Now is the right time to become an American Federation of Musicians member. From ragtime to rap, from the early phonograph to today's digital recordings, the AFM has been there for its members. And now there are more benefits available to AFM members than ever before, including a multi-million dollar pension fund, excellent contract protection, instrument and travelers insurance, work referral programs and access to licensed booking agents to keep you working.
As an AFM member, you are part of a membership of more than 80,000 musicians. Experience has proven that collective activity on behalf of individuals with similar interests is the most effective way to achieve a goal. The AFM can negotiate agreements and administer contracts, procure valuable benefits and achieve legislative goals. A single musician has no such power.
The AFM has a proud history of managing change rather than being victimized by it. We find strength in adversity, and when the going gets tough, we get creative - all on your behalf.
Like the industry, the AFM is also changing and evolving, and its policies and programs will move in new directions dictated by its members. As a member, you will determine these directions through your interest and involvement. Your membership card will be your key to participation in governing your union, keeping it responsive to your needs and enabling it to serve you better. To become a member now, visit www.afm.org/join.
September 1, 2017
The following timeline provides a sense of Senate action, along with a glimpse at the procedural difficulty encountered after the seven-year attempt to totally eliminate the ACA.
August 9, 2017
Once the process began in earnest, principal concerns came from Republicans who believed that the new health care bill should include provisions 1) to provide coverage for people with pre-existing conditions, 2) for those with employer-based health insurance, and 3) for cuts to Planned Parenthood.
July 18, 2017
Republicans are looking to complete the repeal and replacement of the Affordable Care Act (ACA), or Obamacare. The new legislation, which passed the House May 4 by a vote of 217 to 213 (with 20 Republicans and all Democrats voting against it), is now under consideration in the Senate.
May 10, 2017
In March, the AFM joined with more than 700 members of the labor and nonprofit communities to participate in the largest advocacy meeting of the year. Sponsored by Americans for the Arts, Arts Advocacy Day has become a national benchmark for the arts community.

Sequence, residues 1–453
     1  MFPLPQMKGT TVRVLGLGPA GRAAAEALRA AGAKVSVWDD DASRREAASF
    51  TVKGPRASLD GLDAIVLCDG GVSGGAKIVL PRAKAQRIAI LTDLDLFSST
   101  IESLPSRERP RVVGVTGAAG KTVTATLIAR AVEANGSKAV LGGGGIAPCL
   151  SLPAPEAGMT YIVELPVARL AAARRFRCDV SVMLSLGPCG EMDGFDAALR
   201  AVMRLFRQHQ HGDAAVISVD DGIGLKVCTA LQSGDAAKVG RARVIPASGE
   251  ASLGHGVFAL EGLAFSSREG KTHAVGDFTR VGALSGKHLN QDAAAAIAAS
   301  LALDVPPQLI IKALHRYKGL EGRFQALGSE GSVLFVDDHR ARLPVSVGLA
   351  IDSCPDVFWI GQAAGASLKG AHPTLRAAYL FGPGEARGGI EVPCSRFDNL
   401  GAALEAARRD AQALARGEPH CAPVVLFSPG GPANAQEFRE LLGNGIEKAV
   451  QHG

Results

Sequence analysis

April 21, 2017
If ever there was a time for workers, including musicians, to get engaged in the movement to protect jobs and benefits that promote healthy, secure workplaces and families, now is the time.
March 1, 2017
Talks with the Secretary of Transportation, led by AFM International President Ray Hair, helped develop and implement new carry-on rules that brought consistency to major and regional US air carriers, along with new tips for traveling musicians
February 6, 2017
The Reverend Dr. Martin Luther King, Jr. was born Michael King, Jr., in Atlanta, Georgia, January 15, 1929. As one of America’s most revered and effective advocates for social justice and racial harmony, he reorganized the civil and human rights movement in the US into a highly inclusive, nonviolent movement that elevated the conscience of a nation.
December 1, 2016
For the AFM International Executive Board, AFM locals, and the AFM Office of Government Relations, these issues have driven our congressional agenda for many years and will remain the AFM’s core legislative issues.
November 21, 2016
For the past 10 years, the AFM has worked diligently with its US Convention on International Trade in Endangered Species of Wild Fauna and Flora (CITES) Coalition partners and the US Fish and Wildlife Service (USFWS) to protect and conserve endangered species, while helping guarantee the legal ownership, use, import-export, and value of musical instruments that contain CITES related materials.
August 16, 2016
The 100th AFM Convention became the forum for our delegates to organize around legislative and political issues that impact the lives of professional musicians. Delegates to the Convention stepped up in very real, tangible ways, committed to support our goal to keep government focused on the honest treatment of musicians impacted by legislation and regulations that might be harmful, if not kept in check.